Candle Wax: Soy vs. Paraffin
There has been much debate over the “best” wax for candles.
There is a common perception that soy wax is somehow superior, (being “natural”) but also due to its appearance: soy wax has a creamy opaque texture, whereas paraffin is whiter and slightly translucent. Soy candles tend to burn slower than paraffin ones and require a higher percentage of fragrance to create a good scent – therefore are usually more expensive to produce.
However, The National Candle Association has provided the following statements:
All waxes are primarily hydrocarbons, whether of animal, vegetable, or petroleum origin. The chemical composition of all candle making waxes is similar, and all candle waxes burn in the same manner.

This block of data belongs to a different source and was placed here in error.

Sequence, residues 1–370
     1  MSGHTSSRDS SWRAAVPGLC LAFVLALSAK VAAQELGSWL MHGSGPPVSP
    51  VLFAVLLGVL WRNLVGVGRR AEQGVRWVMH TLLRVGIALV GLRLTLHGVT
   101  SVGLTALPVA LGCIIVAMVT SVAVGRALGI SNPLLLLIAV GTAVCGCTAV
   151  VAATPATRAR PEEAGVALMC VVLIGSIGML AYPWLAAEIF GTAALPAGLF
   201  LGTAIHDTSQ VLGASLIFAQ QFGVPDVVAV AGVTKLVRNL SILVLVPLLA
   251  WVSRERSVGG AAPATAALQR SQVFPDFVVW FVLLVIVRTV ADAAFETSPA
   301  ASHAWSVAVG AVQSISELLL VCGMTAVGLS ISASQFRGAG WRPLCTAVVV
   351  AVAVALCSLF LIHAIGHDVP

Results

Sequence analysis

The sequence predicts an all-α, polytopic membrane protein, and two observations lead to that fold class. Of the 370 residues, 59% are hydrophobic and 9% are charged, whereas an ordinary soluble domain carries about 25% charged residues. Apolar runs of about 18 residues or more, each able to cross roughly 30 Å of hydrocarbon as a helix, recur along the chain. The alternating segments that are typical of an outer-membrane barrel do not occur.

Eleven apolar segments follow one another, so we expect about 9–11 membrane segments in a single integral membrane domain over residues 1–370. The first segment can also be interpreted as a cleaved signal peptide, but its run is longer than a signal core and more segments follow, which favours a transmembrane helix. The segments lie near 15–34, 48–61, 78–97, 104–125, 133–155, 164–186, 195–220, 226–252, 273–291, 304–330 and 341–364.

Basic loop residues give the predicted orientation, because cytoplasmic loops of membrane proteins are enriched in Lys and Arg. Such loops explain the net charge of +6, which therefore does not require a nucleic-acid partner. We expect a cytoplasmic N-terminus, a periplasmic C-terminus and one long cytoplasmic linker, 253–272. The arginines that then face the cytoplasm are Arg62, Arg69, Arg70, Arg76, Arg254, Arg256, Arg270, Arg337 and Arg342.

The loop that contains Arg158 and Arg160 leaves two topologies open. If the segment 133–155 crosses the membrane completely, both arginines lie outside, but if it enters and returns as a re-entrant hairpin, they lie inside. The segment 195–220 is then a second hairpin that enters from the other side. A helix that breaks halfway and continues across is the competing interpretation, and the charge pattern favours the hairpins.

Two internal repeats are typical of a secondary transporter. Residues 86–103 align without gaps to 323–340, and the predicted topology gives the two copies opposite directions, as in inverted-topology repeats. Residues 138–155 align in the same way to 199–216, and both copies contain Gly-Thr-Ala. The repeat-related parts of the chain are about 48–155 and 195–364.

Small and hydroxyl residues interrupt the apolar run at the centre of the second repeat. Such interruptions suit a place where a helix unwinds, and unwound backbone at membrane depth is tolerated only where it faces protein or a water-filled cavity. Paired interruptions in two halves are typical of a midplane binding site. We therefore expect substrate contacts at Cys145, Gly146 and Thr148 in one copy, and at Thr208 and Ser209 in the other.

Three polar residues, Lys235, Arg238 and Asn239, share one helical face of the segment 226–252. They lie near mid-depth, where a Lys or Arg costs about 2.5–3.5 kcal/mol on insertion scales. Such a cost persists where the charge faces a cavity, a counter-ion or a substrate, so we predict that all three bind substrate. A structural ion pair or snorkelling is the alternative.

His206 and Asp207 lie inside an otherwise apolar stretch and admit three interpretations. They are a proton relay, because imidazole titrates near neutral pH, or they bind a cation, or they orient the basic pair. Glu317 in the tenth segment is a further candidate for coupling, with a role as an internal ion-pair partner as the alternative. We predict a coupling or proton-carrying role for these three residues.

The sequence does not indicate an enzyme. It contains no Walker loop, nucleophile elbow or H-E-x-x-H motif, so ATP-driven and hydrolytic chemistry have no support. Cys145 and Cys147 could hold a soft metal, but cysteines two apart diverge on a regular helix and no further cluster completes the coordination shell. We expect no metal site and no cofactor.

No specific type of wax or wax blend is considered 'best' for candle making. All waxes - when provided in high-quality format - have been shown to burn cleanly, safely and in the same manner.
No candle wax has ever been shown to be toxic or harmful to human health.
There is no such thing as a soot-free wax.
It is often claimed that soy wax is better because it is 'more natural' and 'less harmful to the environment' than paraffin. However this is a misnomer!
Paraffin is a by-product of the petroleum industry, therefore something that already exists and is made use of - so no additional harm to the environment there.
Also the processes to harvest soy and convert into wax uses petroleum in various capacities (vehicles used to harvest, transport, etc.) so really the so-called 'eco-friendly' nature of soy isn't any greater than that of paraffin.
Some people claim allergies to paraffin-based candles and this may be true, however it is more likely the allergy is caused by a particular fragrance composition, or a poor quality wax rather than the blend.